8/16/12 News Release: Green Hassig Obtains EPA Answers to Questions on Dioxin Exposure and Safety of Food Supply-EPA Continues Attempt to Deceive-Hassig Promises Tour of Public Beaches to Bring Out the Truth

The US Environmental Protection Agency (EPA) has now provided answers to strategic questions concerning the matters of dioxin exposure and damages to health imposed by exposures that are occurring at current levels of food supply contamination.  The answers found below are a clear cut example of deception.  EPA simply refuses to answer the questions.  A fifth grade student could look at these answers and see through the thinly veiled effort to deceive.

Cancer Action NY has pursued government accountability on the matter
of the failure of the federal and state government public health
entities to warn Americans of the avoidable dioxin exposure health
hazard since the founding of the organization in January 2000.
Several years ago Cancer Action NY began to call for government
accountability on the failure of these same entities to provide the
public with a warning of the avoidable persistent organic pollutants
(POPs) exposure health hazard.

We are committed to raising the level of public awareness on the
subjects of dioxin and total POPs contamination of the main stream
food supply and damages to health occurring at current levels of
contamination to the extent that a substantial and growing number of
Americans demand accountability.  To this end, Cancer Action NY
Director and Green Party candidate Donald L. Hassig will conduct a
district wide tour of public beaches during the last days of the
Summer of 2012.  He will give environmental dance performances and
speak with interested children and their adult company on beaches
throughout the St. Lawrence River Valley, the Adirondack Mountains,
along Lake Champlain and in the upper Hudson River Valley.  EPA is
going down.  Viva the Free Speech, Talking the Truth, Love of
Scientific Knowledge, Environmental Dance, Good Vibe Revolution!!

———- Forwarded message ———-
From: Dale Kemery <Kemery.Dale@epamail.epa.gov>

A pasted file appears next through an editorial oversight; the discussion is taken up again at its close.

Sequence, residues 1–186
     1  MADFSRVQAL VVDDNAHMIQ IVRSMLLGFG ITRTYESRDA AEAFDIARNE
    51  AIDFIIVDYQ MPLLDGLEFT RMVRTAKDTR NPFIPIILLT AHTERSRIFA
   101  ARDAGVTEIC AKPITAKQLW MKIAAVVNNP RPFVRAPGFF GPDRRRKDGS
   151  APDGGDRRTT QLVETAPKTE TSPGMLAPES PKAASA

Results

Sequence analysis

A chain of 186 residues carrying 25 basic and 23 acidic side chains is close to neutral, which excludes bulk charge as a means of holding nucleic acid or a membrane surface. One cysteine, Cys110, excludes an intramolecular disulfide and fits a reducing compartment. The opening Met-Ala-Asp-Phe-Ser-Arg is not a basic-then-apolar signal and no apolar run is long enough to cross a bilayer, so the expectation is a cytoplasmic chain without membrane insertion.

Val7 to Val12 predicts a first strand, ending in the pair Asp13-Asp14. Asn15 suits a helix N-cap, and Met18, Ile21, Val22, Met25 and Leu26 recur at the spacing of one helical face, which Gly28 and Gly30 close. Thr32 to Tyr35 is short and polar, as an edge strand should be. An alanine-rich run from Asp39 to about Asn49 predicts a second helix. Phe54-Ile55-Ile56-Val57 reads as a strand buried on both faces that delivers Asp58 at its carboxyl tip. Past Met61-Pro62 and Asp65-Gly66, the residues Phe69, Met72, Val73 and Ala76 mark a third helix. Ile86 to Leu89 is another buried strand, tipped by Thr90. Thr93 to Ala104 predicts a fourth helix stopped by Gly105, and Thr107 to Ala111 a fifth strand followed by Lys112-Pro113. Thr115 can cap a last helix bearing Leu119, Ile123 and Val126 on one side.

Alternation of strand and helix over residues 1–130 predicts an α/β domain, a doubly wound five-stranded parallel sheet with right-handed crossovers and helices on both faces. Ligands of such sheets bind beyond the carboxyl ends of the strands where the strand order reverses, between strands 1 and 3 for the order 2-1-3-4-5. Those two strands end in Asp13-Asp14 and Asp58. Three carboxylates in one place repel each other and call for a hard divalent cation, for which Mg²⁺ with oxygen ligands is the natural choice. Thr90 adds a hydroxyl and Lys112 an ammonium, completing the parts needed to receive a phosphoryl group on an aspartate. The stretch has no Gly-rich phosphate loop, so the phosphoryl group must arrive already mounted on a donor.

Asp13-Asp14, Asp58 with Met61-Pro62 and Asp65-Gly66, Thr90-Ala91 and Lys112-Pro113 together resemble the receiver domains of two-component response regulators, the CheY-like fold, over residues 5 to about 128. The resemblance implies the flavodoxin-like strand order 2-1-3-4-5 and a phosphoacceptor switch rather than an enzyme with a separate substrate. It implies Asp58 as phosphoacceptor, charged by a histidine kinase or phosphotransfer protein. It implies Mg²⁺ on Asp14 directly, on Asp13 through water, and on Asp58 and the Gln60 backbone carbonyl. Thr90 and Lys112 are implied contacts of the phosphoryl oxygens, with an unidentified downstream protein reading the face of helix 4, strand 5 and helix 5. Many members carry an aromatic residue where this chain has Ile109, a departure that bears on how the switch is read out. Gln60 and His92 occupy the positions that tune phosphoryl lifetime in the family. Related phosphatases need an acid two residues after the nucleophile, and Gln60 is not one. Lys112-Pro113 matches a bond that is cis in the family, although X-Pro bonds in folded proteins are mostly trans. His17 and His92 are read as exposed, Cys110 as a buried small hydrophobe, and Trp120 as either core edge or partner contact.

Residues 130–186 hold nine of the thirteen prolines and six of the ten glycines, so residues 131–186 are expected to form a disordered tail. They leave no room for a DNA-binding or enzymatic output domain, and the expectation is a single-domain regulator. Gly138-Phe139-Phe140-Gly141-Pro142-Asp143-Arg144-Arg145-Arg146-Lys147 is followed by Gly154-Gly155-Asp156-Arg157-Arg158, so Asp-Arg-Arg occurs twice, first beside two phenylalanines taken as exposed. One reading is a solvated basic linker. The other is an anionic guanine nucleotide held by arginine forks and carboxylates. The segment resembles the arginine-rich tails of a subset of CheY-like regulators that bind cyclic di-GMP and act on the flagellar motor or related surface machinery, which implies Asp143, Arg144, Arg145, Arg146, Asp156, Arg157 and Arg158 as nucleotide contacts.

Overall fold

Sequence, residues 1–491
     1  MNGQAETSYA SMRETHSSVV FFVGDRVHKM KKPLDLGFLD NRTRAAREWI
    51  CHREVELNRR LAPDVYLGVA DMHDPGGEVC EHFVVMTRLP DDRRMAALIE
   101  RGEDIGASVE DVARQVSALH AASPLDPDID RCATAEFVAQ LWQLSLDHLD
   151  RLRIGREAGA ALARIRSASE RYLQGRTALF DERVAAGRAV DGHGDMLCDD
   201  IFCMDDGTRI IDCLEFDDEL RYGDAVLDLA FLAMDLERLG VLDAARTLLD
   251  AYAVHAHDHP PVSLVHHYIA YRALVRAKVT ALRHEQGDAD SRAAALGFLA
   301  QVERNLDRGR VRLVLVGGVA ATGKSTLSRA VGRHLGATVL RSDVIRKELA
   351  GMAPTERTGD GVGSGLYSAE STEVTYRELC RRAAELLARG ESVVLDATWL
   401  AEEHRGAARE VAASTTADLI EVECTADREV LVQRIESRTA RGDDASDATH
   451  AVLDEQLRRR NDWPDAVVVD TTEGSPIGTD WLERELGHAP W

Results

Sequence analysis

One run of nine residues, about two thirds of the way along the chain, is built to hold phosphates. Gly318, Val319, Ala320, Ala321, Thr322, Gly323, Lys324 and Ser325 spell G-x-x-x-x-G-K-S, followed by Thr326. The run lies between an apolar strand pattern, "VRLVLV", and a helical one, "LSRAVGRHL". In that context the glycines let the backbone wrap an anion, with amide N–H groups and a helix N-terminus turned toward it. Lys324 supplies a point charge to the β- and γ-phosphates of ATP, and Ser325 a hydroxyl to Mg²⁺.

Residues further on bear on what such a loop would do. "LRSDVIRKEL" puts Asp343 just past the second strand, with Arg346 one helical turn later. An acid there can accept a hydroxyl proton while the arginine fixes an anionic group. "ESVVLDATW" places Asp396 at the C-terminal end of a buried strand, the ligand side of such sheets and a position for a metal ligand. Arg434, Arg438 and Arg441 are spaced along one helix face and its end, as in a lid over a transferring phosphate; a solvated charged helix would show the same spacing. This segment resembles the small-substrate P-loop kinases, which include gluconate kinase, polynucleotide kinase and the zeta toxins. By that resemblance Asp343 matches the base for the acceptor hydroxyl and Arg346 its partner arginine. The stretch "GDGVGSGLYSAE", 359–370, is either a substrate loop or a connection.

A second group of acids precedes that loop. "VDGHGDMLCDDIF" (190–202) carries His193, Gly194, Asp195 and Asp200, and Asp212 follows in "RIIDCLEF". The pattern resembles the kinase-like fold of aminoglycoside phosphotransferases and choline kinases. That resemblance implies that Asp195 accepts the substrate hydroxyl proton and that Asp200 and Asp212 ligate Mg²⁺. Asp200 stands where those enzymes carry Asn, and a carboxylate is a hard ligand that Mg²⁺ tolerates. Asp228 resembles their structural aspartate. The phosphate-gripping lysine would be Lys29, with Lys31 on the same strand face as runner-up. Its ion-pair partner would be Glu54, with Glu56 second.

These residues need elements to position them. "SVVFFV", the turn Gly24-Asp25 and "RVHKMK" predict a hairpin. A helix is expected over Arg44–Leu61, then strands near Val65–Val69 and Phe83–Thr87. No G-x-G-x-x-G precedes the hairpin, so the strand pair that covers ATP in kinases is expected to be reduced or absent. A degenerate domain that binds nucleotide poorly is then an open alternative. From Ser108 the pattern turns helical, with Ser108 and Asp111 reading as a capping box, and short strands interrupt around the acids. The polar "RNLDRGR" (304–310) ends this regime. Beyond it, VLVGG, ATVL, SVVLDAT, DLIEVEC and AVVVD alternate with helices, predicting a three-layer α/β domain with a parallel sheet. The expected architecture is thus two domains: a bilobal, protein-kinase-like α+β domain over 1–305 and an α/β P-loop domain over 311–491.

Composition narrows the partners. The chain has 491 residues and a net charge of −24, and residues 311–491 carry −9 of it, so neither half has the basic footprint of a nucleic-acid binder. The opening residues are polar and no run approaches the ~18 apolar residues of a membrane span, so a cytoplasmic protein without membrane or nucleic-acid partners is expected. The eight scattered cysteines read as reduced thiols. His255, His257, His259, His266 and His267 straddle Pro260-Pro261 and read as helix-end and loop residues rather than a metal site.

Date: Wed, 15 Aug 2012 15:07:42 -0400
Subject: Re: Questions about Dioxin Oral Reference Dose and Safety of
Food Supply
To: Donald Hassig <donaldhassig@gmail.com>

Mr. Hassig –

I’m sorry for the delay in getting this to you. Here are your questions
and EPA answers. Please attribute to EPA, and not a particular person.

1. The scientific knowledge upon which development of the EPA oral
reference dose for dioxin was based supports the conclusion that animal
fat consumption imposes dioxin exposures associated with increased risk
of reduced thyroid hormone production and reduced sperm counts.  Are
consumers of animal fats at risk of experiencing reduced thyroid hormone
production and reduced sperm counts?

Most Americans have low-level exposure to dioxins. Most dioxin exposure
occurs through the diet with small amounts of exposure coming from
breathing air containing trace amounts of dioxins and from inadvertent
ingestion of soil containing dioxins.

2. Should the oral reference dose be looked upon as a safety standard
for dioxin exposure?

No.  EPA’s dioxin RfD is only a portion of the information relied on to
make decisions about safe dioxin levels in the environment. EPA, states,
and other federal agencies will use it, combined with other information,
to inform regulatory decision-making and protect public health.

3. Considering the fact that dioxin exposure has been associated with
increased cancer risk in the scientific literature and the oral
reference dose is for non-carcinogenic effects, is it reasonable to
conclude that the risk of disease imposed by dioxin exposure includes a
significant quantity of risk of developing non-carcinogenic damages to
health plus some additional quantity of risk of developing cancer?

Studies have shown that exposure to dioxins at high enough levels may
cause a number of adverse health effects, including cancer.  The
methodology for deriving references doses (noncancer), or the dose at
which adverse noncancer effects are not expected to occur, versus cancer
slope factors, which are used to estimate cancer risk, differ. Noncancer
and cancer effects are not additive.

4. Can the oral reference dose for dioxin be used to form conclusions
about the safety of the food supply?
5. If damages to health are associated with the dioxin exposures
received by consumers of animal fats how is it correct to state that the
food supply is safe?

Response to Questions 4 and 5:  The U.S. food supply remains one of the
safest and most nutritious in the world. EPA and its partner agencies do
not recommend avoiding any particular foods because of dioxin, as each
food group provides important nutrients needed for health.

Dale Kemery
Press Officer
Office of Media Relations
U.S. Environmental Protection Agency
Washington, DC 20460

Donald L. Hassig, Director
Cancer Action NY
Cancer Action News Network
P O Box 340
Colton, NY USA 13625


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